We were one of the first prospective founding members of the Asia Infrastructure Investment Bank, and see the AIIB as a welcome initiative in the region. New Zealand companies are interested in the projects the Bank advances, which could be in the areas of geothermal energy, architecture, or infrastructure. As the Bank is new, it's just beginning develop its program, but I think there is already a high level of engagement. New Zealand businesses have in the past been associated with World Bank and the Asian Development Bank projects, which are of similar nature. So I think I would expect to see a high level of attention to those projects as they emerge.



Ambassador Mckinnon attends Australia and NZ Ball 2016.


China Today: Our two countries have announced the drive to raise the bilateral trade volume from NZ$ 20 billion in 2015 to NZ$ 30 billion by the year 2020. From your point of view, in which fields will there be the most development opportunities in the next four years?


John McKinnon: As this is a very ambitious target we must work hard to get there. Currently, about 80 percent of our exports to China are primary products, and to be honest, that's where growth will happen. For instance, when Prime Minister John Key was here there were discussions about allowing exports of chilled meat from New Zealand to China, which could be of substantial value. That's still to be finalized, but it will open up a significant new area of trade, so one aspect we can concentrate on is expanding existing cooperation.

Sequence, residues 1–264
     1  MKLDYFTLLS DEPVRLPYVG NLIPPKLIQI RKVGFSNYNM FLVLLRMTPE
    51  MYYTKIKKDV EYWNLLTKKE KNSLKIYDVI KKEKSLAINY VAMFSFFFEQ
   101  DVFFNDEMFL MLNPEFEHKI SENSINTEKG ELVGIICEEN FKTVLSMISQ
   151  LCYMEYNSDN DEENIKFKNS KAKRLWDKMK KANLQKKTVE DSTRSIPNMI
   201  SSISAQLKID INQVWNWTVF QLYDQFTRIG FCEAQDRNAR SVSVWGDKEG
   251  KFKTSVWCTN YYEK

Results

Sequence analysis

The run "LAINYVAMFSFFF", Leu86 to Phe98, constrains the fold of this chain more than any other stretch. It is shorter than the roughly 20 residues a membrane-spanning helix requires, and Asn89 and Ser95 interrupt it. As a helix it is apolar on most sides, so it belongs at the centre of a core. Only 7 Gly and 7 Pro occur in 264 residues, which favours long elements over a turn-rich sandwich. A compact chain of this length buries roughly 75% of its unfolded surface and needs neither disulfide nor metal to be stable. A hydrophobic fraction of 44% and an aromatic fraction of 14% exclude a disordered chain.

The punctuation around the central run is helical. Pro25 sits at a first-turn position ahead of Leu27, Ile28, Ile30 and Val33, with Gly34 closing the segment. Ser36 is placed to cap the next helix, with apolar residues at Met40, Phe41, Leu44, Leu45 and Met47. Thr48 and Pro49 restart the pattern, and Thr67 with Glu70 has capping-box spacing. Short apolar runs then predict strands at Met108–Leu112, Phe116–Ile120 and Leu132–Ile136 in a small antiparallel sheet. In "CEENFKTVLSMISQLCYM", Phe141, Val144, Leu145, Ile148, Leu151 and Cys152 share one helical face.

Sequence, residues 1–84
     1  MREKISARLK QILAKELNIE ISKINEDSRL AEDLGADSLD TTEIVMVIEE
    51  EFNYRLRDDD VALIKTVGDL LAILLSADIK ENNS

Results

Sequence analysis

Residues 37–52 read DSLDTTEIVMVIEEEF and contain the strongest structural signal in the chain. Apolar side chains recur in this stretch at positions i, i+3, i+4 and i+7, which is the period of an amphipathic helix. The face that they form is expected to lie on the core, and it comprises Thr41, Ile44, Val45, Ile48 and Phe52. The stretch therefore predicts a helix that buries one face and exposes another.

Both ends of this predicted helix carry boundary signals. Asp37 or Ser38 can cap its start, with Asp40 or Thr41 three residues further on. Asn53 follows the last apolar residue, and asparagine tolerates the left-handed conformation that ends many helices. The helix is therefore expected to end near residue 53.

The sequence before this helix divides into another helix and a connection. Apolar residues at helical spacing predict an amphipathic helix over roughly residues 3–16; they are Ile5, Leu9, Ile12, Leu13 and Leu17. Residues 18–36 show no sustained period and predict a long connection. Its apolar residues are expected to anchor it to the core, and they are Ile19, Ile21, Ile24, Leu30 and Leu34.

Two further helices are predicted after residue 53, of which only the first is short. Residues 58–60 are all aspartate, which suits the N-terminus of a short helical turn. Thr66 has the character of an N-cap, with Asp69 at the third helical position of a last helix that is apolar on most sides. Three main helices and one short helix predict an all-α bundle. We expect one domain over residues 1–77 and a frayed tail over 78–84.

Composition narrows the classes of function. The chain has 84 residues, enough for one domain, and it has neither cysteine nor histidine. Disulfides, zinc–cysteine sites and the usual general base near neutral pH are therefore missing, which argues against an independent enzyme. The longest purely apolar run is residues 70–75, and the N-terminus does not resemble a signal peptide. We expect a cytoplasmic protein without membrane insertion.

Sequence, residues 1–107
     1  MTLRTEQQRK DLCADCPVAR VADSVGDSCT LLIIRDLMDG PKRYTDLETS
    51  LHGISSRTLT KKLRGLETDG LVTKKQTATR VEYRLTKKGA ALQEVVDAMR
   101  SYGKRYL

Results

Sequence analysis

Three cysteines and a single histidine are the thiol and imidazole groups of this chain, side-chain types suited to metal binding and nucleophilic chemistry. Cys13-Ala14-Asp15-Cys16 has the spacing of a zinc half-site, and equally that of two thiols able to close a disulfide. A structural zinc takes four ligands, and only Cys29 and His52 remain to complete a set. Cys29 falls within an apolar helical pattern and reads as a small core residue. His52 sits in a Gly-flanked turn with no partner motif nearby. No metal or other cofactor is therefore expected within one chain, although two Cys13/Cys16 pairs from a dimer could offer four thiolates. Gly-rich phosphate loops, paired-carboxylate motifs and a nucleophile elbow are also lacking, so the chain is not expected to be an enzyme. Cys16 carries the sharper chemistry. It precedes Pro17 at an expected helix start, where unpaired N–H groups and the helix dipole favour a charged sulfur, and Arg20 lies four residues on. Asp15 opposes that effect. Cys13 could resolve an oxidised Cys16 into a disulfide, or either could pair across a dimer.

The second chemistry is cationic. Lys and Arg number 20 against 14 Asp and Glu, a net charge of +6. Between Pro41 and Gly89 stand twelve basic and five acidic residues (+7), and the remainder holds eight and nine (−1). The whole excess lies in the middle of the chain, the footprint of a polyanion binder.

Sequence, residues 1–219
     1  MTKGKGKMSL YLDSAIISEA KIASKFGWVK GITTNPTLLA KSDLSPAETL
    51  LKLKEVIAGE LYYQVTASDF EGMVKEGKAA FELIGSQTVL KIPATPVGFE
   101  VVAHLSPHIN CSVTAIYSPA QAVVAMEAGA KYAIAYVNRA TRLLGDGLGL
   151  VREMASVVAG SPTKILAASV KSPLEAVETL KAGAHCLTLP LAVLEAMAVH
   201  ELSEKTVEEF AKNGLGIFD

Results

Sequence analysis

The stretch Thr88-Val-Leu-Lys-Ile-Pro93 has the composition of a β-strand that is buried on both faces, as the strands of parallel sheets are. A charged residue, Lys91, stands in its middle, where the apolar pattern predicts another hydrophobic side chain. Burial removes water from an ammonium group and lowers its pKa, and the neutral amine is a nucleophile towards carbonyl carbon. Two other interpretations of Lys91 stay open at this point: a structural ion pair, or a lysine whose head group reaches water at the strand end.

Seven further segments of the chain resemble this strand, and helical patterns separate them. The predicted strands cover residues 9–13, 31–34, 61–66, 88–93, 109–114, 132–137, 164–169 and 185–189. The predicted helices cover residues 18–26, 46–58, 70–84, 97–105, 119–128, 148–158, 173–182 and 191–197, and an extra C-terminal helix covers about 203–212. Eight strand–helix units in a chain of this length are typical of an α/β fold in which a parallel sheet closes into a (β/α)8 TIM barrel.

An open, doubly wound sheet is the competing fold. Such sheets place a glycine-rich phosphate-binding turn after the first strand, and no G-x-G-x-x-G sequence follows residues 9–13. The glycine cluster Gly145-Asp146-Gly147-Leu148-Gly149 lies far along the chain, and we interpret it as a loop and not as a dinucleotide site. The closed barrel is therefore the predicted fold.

Second, there has been a great deal of growth in the services trade, such as education and tourism, and also film. Some have notched up very large figures, particularly tourism. That's again an area where I would expect to see growth over the next few years. Certainly, that's our expectation.


China Today: New Zealand hopes China might reduce punitive tariffs on New Zealand dairy products, its major export to China. But the Chinese government is worried about the impact on Chinese dairy farmers. How do you see this issue? What measures would you propose that could benefit both sides?